|Inequality of Fractions|
|Materials: Sheets of Blank Fraction Bars|
Inequality has been modeled in some of the earlier games and activities by comparing the shaded amounts of bars. This should help to show that the basic idea of inequality is the same for fractions as for whole numbers, that is, comparing two amounts to see which is greater.
|2/3 < 3/4|
|Place a transparency of the following pairs of fractions on the overhead and ask the groups to discuss methods for determining an inequality for each pair. A variety of methods can be used. Discuss some of these. (See a few explanations below.)|
|Some of the above inequalities can be determined by comparing them to 1/2. For example, 5/9 is greater than 1/2 because more than half of its bar is shaded and 3/8 is less than 1/2 because less than half of its bar is shaded.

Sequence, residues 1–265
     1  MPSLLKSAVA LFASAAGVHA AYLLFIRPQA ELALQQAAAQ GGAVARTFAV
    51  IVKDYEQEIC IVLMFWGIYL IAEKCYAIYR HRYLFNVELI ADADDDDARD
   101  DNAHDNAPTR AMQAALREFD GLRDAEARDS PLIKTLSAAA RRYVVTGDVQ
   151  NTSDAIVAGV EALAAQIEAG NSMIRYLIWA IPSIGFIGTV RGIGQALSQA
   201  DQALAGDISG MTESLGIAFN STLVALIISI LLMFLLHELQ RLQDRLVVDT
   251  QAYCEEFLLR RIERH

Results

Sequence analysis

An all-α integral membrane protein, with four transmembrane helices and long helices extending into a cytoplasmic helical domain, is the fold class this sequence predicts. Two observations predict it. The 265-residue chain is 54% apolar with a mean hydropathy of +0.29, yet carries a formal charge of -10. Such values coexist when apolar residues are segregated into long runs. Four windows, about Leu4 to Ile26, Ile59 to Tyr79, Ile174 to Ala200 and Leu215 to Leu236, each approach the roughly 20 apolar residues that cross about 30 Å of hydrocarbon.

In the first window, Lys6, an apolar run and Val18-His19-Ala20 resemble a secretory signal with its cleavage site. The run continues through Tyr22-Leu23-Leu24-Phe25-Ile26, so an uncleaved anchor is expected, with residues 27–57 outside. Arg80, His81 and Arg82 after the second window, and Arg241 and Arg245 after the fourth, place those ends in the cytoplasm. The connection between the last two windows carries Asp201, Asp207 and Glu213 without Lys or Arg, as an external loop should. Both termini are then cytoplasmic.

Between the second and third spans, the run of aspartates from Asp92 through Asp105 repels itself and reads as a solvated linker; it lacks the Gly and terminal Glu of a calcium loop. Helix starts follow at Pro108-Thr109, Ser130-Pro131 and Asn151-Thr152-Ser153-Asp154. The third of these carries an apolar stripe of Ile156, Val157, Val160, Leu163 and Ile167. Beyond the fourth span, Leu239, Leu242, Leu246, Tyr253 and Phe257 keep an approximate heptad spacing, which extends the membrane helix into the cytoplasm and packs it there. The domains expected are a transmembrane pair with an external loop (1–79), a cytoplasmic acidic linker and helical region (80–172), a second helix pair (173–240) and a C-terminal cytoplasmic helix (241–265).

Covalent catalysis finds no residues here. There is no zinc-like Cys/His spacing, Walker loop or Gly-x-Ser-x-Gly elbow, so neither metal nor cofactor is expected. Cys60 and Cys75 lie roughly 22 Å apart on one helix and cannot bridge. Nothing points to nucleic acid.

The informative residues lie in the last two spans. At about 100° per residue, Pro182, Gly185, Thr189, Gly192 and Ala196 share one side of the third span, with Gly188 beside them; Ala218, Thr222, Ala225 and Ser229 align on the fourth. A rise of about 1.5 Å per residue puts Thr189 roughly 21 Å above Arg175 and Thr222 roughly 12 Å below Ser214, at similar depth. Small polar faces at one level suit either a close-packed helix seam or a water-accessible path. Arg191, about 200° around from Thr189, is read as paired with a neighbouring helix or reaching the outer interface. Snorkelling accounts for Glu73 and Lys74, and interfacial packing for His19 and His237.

A visual model can be used to explain why 1/11 is less than 1/8, for example, this can be done on a sheet of Blank Fraction Bars. This can be explained by noting that when a whole is divided into 11 equal parts the parts are smaller than when it is divided into 8 equal parts.
Similarly, 7/8 is closer to a whole than 4/5, because 1/8 is less than 1/5. That is, less of the whole is missing.
Some of the above pairs of fractions will require one of the standard rules for determining inequalities, such as obtaining a common denominator or cross multiplying.
|NCTM Standards 2000|
|It is important to encourage students to use visual models even after fraction symbols have been introduced. Standards 2000, page 150, notes that if students have a visual model, then comparing fractions to benchmarks like 1/2 and 1 becomes easy.|
|For further activities involving inequality of fractions see Shading Blank Fraction Bars, Activity Sheets #1 through #3|
|One of the activities on the Number Lines mat is to place markers for equalities and inequalities of fractions. Side 2 of the mat is shown below and has fractions for fourths, fifths, sixths, eighths, tenths, and twelfths.|
|Photo courtesy of Herb Moyer|